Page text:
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Thanks Brick.
New York puzzles me. NY has a population of 19 million and has 26,000 confirmed cases.
What caused this degree of infection to go so "viral"?
Reason for rapid transfer is this has been labeled by most as being droplet contamination. Well, if you cough or sneeze, contaminants remain aerosolized for up to 3 hours. That is scary!
Also scary is that we have to rely others in the public to think it is fine to be out in the public, unsure if they are Covid 19 positive.
 

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One explanation I've seen for Italy being out in front is that many Italian companies like to advertise "made in Italy" so they have been using lots of Chinese guest workers who returned from their Chinese New Year trips to China a little before covid-19 erupted in Italy.

Infection speeds are no doubt faster in crowded places like New York. Death counts may be a more accurate indicator of the number of infections than confirmed cases, although it lags by maybe three weeks. Confirmed cases counts are definitely affected by how much testing is being done. The number of deaths is affected by medical treatment, but until a system is overwhelmed (as in Italy and soon to be lots of other places) most severe infections are being treated pretty much the same way in most places - at least in first world countries. Other than those placed in clinical trials for medications, treatment is largely just supportive: oxygen, IV fluids, and ventilators.

Once the number of infections is past some point, testing and tracing contacts and isolating those people simply isn't feasible. Even if we had unlimited testing capacity, the US is past that point. The only way to slow the spread of infections (beyond hand washing and personal protective equipment, which is still in very short supply) is shutting things down as much as possible to minimize exposure. Hopefully, we can slow the spreading of infections down enough to buy time to build up medical testing and treatment capacity, avoid overwhelming the existing capacity by flattening the curve, identify effective drug treatments, and develop vaccines. If the current rate of infections continues our medical systems may well collapse and we are looking at maybe a million deaths in the US alone, many tens of millions world wide.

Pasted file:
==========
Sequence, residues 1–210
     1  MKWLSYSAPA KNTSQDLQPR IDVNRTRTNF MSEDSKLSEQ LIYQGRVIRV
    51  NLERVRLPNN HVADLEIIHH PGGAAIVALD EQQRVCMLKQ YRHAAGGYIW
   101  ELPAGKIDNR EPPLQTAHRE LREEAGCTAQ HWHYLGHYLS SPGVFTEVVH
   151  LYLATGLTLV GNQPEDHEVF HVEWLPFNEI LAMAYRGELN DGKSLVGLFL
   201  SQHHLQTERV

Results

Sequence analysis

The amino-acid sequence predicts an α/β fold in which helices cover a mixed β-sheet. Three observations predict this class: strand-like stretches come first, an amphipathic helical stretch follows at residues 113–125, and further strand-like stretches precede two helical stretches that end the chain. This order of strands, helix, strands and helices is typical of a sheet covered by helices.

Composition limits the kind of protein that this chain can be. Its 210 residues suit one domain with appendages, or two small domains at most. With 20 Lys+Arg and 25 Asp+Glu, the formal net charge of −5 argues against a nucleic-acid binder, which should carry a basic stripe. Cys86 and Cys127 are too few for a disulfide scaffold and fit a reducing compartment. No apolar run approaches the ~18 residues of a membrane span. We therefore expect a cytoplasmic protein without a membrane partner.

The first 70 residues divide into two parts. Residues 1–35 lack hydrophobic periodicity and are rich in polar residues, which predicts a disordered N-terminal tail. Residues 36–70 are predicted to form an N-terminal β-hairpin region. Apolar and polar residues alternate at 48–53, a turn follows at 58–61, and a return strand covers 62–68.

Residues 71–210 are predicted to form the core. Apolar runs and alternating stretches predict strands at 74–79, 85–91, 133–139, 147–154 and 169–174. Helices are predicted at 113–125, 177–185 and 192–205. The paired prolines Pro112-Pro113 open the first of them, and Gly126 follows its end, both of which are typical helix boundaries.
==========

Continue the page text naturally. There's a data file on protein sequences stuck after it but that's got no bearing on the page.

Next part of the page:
Relaxing the restrictions prematurely will stimulate the pandemic - not the economy. It is false hope to think the country will be open for business by Easter. This stuff about the cure being worse than the disease is nonsense, even if it is stated in all caps. The only people for whom that might be true are those whose re-election chances are imperiled by a faltering economy and who don't have to worry about getting access to a ventilator if they do get sick. No matter how scarce they are, a president or a senator or even a lieutenant governor and their families will get a ventilator and the best available treatment if they need it. The fastest and surest way to revive the economy is to control the outbreak. Until then, I'm all for things like the unprecedented huge stimulus package in the senate (BTW, I thank the Democrats for some oversight strings being attached to the $500 billion for large companies. Otherwise it would have been total pork barrel time.) to help individuals and businesses large and small survive until the health crisis is controlled, even if it means there is increased inflation sometime down the road. The economy will come back but the people who die won't.